Essentially it came down to which option poses the lowest risk. And I figured that as the event catered for walkers as well as runners, it was one I could take my time at and just get around the course, rather than actually racing, which was never going to happen with  all the lay-offs anyway. The risk to my mind by not going to the event was actually more concerning. So on balance, I decided that I would go to Grindleford, take my time and just get around what is a beautiful route on a day when the forecast was ‘better than it had been’!

Off to Grindleford

I got a few work jobs out of the way and headed over into the High Peak, some 45 minutes away from home. I arrived in more than plenty of time, to the point I even got a car parking space in the pub car park, and those were few and far between!

The marshals in the car park were really helpful as I genuinely hadn’t a clue where I was going and they put me right! I found registration, collected my number, faffed with safety pins before discovering I had my race number magnets in my pack, found the loos, bought a snood (to add to the collection) and caught up with a few running friends from the clubs I’m involved with!

At registration

At registration. Weather was uncertain at this point and a bit chilly


At 9.45am, with all runners at registration (the walkers had all set off in the previous couple of hours) there was a briefing before we all trundled over the road to the starting field. The race is held annually by the PTA of the local primary school to raise funds, so it is a local race for a local cause. In the briefing it was interesting that they mentioned that not everyone sees the positives of a race going past, so to be mindful of that (and of course be nice to people). In practice, much of the race is well away from the general population, but there are sections which are popular with casual walkers / cyclists etc.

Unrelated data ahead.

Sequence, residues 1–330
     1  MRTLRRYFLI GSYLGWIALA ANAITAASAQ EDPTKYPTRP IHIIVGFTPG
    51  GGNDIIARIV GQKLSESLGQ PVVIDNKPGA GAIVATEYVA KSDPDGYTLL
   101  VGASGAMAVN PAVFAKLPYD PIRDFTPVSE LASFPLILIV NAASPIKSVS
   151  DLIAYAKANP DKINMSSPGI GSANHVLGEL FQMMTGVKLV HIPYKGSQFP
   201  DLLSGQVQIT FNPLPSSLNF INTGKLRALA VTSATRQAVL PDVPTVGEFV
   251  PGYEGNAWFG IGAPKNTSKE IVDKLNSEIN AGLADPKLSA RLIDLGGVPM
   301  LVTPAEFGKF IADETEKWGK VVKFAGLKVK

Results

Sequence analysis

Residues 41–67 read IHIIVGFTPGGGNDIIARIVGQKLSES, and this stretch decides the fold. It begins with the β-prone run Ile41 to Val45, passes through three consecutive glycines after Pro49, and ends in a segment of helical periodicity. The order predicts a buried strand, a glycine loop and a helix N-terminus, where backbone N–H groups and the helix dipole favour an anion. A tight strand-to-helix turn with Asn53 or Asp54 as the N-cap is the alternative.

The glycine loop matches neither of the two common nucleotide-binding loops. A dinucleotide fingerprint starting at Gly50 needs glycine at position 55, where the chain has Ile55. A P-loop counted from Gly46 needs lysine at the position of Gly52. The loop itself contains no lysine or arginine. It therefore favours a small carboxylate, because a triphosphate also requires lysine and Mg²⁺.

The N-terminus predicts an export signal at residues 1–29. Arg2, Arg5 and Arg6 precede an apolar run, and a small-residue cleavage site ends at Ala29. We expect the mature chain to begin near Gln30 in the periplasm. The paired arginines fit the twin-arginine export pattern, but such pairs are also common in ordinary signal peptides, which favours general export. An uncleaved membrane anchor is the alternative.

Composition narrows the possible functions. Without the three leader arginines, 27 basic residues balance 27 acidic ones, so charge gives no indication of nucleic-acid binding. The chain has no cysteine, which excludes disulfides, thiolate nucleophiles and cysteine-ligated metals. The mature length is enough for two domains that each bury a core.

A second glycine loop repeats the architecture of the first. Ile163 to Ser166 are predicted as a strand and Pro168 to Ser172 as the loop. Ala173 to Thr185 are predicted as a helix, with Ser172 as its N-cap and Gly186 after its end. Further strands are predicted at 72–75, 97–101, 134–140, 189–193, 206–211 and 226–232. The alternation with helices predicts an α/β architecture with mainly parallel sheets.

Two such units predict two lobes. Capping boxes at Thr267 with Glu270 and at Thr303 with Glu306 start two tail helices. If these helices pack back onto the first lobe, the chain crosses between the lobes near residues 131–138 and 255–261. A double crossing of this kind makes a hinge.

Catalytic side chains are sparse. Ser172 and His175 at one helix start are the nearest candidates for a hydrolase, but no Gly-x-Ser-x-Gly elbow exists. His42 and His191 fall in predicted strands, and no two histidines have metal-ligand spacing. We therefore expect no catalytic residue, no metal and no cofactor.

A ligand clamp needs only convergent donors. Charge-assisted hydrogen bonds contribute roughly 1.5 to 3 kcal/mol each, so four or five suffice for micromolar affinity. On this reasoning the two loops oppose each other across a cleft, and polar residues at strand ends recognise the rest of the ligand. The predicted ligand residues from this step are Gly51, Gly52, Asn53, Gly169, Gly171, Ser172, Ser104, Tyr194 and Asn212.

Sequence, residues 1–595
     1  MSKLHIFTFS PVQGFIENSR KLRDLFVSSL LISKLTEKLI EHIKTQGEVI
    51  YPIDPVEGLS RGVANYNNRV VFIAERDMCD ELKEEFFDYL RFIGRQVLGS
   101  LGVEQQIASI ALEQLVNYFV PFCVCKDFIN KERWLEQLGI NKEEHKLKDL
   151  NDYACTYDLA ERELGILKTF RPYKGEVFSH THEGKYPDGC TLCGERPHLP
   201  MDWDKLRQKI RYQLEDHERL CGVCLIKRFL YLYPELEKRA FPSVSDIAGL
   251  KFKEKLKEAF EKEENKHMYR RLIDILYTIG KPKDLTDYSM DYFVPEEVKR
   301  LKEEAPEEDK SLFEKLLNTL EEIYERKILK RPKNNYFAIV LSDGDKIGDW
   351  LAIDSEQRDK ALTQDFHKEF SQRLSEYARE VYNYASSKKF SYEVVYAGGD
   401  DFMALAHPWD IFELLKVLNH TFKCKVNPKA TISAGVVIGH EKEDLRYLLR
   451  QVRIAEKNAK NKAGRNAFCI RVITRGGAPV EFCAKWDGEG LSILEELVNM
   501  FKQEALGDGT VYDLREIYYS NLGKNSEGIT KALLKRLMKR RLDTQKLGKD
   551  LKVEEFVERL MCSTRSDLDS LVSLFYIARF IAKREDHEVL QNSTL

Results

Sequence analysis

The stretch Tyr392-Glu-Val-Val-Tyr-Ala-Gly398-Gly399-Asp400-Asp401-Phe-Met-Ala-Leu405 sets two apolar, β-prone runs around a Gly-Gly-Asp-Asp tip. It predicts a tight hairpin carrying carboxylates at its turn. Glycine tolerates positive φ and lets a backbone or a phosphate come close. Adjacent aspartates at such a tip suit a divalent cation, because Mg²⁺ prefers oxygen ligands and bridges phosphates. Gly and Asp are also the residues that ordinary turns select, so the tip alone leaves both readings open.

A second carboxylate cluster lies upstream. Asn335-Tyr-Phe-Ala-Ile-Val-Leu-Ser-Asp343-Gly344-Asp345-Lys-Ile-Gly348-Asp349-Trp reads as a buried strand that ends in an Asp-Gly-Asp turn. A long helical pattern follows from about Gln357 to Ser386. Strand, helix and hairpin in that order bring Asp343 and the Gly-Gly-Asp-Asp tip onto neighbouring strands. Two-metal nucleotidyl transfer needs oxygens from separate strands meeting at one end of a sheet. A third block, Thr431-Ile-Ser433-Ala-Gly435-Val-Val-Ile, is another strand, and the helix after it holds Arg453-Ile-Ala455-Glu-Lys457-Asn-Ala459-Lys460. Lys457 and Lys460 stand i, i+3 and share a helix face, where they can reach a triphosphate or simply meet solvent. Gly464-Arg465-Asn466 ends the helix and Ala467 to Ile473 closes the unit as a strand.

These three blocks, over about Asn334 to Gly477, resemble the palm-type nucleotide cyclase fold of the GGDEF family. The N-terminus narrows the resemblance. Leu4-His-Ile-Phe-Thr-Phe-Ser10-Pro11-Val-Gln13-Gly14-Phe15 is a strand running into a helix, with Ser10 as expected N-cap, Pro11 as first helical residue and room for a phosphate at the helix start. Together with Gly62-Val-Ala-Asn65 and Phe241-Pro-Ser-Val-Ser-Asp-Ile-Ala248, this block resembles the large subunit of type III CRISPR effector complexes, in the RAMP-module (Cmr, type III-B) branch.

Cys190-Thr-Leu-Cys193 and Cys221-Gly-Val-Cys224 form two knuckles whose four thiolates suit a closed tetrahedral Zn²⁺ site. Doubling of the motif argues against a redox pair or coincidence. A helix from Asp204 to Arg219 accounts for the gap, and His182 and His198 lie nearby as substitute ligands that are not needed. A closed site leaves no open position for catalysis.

Grindleford to Longstone Moor

At 10am we were off, and although I pressed start on my watch, it didn’t actually start! As such my GPS track missed the first 11 minutes which is when I realised what wasn’t happening (it was the first time I’d set my watch to follow a route and whilst it said it was doing just that, it turned out I needed to hit start a second time!). Ooops.

The first couple of miles are on narrow trails with a number of narrow bridges over streams or stiles in walls. As such a lot of people went out at sprint pace to try to get ahead of the pack to avoid the delays at these pinch points. I wasn’t one of those. I had a plan which was to do my own thing and get round, and that didn’t include going out like a bat out of hell……